Google Analytics is an incredibly useful administrative utility for any website.  By analyzing and interpreting the information gathered here, your business can make informed decisions not only for the website but for the direction of your company as a whole.  This can be easier said than done however. The shear amount of data being collected can be daunting, and even if you find the right report to look at, statistics are just numbers without the knowledge behind it to interpret those numbers into useful data.  This series of articles, “Making Decisions With Google Analytics” will hopefully help you understand some of these numbers and give you an idea on how to make use of them.  Today we will talk about Session Duration.

What is Session Duration?

A session is any number of user interactions (i.e. clicks, drags, swipes) that a visitor to your site makes within a given time frame.  By default, Google Analytics considers a session maximum to be 30 minutes.  Depending on what the purpose of your website is, you may want to alter the time limit for what analytics considers a user session.  This can be changed from the Google Analytics Admin section (the small gear icon in the bottom left of your Analytics page).  Select the Account and Property (if you only have one website, there will only be one account and property to select), then navigate to Tracking Info -> Session Settings, and change Session Timeout the whatever amount of time you want a session to be.  In general, if you don’t have a reason to change this, leave it as is.

What to do with Average Session Duration?

Average session durations for all of your users (seen on Google Analytics home dashboard) gives you a general idea of visitor engagement on your website.  In order to give you a more accurate idea of how users are spending that time, you will have to drill down deeper and analyze the individual session durations for each of your pages.  You can navigate to this data under the Reports section -> Audience -> Behavior -> Engagement.  The time listed here gives you an idea of how long the average user looks at a page.  In order to properly interpret if this number is good or bad, you need to understand the purpose of the page.  If the page is conveying marketing information about a product or service, long amounts of time spent here means that your users are interested in reading about that information.  Conversely a short amount of time spent on that page could indicate that users are overwhelmed and give up quickly.  In this case, a strategy may be to reduce the amount of descriptive text by summarizing, or replace text with an info-graphic.  However if the purpose of the page is to lead consumers to buying a product or service, a lot of time spent here could mean that the purchasing process is confusing to your users, and simplifying the process can lead to quick and more frequent conversions.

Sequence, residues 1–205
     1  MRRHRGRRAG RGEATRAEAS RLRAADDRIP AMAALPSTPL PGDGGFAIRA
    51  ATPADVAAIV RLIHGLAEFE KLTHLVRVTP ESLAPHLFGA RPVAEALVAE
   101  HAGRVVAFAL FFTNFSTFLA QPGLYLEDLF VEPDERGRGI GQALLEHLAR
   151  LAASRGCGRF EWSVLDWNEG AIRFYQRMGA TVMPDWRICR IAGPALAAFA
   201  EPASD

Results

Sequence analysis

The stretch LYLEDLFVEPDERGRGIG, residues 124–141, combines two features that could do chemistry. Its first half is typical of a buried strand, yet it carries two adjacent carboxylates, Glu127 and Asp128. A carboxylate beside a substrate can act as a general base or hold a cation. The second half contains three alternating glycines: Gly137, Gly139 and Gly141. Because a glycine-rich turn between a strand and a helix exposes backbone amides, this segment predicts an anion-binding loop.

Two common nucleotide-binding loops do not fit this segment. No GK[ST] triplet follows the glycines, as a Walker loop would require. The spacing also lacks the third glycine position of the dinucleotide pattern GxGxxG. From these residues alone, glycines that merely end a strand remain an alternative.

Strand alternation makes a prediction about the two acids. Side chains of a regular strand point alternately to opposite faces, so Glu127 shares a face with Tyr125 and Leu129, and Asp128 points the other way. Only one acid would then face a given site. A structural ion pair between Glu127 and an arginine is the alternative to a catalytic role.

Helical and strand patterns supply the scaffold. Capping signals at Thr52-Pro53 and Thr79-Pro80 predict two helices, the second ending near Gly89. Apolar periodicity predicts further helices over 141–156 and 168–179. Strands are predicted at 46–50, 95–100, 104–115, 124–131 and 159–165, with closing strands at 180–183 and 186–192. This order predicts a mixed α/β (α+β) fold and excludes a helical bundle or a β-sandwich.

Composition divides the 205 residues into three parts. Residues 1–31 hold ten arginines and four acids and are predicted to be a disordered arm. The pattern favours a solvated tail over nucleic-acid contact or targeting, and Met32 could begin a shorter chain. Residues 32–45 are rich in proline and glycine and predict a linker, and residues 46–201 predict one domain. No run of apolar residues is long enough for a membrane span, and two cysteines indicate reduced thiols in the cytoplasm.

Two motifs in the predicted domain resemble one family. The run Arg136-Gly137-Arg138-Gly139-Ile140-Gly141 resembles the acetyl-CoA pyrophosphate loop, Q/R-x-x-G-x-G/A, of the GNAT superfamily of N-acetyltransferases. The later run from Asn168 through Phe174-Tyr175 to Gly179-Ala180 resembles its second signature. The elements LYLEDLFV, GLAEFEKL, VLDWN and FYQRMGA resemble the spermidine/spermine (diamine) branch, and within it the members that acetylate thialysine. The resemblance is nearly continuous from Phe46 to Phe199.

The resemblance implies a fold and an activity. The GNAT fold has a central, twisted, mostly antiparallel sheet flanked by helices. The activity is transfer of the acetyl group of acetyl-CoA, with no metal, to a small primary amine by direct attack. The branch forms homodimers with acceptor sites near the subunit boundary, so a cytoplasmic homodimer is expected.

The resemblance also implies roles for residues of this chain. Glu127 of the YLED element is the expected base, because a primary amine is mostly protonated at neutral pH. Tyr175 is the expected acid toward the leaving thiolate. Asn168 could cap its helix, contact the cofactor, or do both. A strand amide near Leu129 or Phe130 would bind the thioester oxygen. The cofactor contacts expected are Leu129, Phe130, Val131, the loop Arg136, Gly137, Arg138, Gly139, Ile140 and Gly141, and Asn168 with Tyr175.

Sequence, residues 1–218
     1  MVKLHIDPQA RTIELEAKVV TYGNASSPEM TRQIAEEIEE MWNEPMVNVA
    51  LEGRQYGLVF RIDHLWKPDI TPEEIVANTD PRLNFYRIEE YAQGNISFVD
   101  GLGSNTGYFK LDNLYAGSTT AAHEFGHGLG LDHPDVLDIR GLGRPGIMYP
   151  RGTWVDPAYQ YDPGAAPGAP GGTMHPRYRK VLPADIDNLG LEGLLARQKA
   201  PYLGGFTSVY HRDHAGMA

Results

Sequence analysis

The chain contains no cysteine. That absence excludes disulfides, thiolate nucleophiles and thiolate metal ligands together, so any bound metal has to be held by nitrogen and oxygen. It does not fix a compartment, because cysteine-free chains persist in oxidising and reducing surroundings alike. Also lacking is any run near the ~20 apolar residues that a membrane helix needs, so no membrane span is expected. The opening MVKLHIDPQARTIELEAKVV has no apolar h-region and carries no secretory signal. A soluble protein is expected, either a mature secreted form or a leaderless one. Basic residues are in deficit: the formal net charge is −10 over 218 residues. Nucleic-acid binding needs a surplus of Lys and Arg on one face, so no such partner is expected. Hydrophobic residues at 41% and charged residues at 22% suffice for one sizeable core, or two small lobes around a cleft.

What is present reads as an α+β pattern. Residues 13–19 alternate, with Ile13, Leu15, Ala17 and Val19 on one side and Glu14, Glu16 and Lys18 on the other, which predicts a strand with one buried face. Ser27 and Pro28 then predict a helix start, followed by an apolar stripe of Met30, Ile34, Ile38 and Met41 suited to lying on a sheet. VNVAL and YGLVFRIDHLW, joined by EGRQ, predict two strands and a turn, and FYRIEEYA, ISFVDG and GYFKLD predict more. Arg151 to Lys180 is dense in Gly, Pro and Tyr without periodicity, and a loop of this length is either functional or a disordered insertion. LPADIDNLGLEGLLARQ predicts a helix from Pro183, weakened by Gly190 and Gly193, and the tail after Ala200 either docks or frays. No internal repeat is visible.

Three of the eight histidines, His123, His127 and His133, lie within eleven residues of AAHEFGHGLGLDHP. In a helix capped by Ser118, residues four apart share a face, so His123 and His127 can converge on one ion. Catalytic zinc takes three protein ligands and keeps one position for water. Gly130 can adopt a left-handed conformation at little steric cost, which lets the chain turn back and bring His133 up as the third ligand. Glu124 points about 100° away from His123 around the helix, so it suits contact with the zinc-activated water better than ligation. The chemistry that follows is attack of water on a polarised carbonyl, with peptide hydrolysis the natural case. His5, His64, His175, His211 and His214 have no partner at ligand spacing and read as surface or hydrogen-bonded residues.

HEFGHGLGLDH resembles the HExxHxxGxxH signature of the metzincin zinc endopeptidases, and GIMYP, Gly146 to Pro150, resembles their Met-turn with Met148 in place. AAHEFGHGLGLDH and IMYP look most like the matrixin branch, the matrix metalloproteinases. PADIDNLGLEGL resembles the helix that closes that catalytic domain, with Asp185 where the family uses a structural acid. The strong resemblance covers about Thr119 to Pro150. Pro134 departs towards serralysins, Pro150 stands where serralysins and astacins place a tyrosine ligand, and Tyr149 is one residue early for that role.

How is Session Duration calculated?

When making business decisions based on statistics, it is important to understand how that information is gathered.  It is especially important to know what a lack of information means, like when you see a session duration of 0.  This is not an indication that no time was spent on the page, but that Google does not actually know how long the duration was.  Google cannot know how long a user spent on a page.  What they can tell is what time a user loaded a page and what time the next page was loaded.  Google takes the difference between these values and shows it to you as the session duration.  However, if another page is not loaded it is impossible to tell how long a user spent looking at your page.

Here’s an example.  A user visits your homepage, starting the time at 0:00.  At 0:30, the user clicks on a Category page.  With the time visited being 0:00 and the load of the next page occurring at 0:30, Google can tell that the user spent 30 seconds on the homepage.  From here, at 0:45 the user clicks on a Product page.  The time spent by the user on the Category page is 0:45 – 0:30 = 15 seconds.  Now, if the user doesn’t visit another page after landing on the product page, Google cannot take a difference in time to determine how long the user spent on the page, so Analytics records this page’s session duration as 0 seconds.  Due to the way session calculations are performed, the last page that a user visits will never have a session duration recorded, meaning that the session time will always be 0.  This means that a bounce (a user only looked at one page) will always be recorded with a duration of 0, but this does not mean that the user didn’t spend any time looking at the page.  To collect more data on the last page visited, there are ways to enhance your analytics by estimating the time users spent on bounced pages.

In closing

Google Analytics is a powerful free tool that all websites should leverage.  In particular, by understanding what a session duration is, how to view and understand that data, and dealing with the limitations of how that data is collected, you can make better use of this information.  I hope you’ll be back to check the next article in this series which will address user demographics.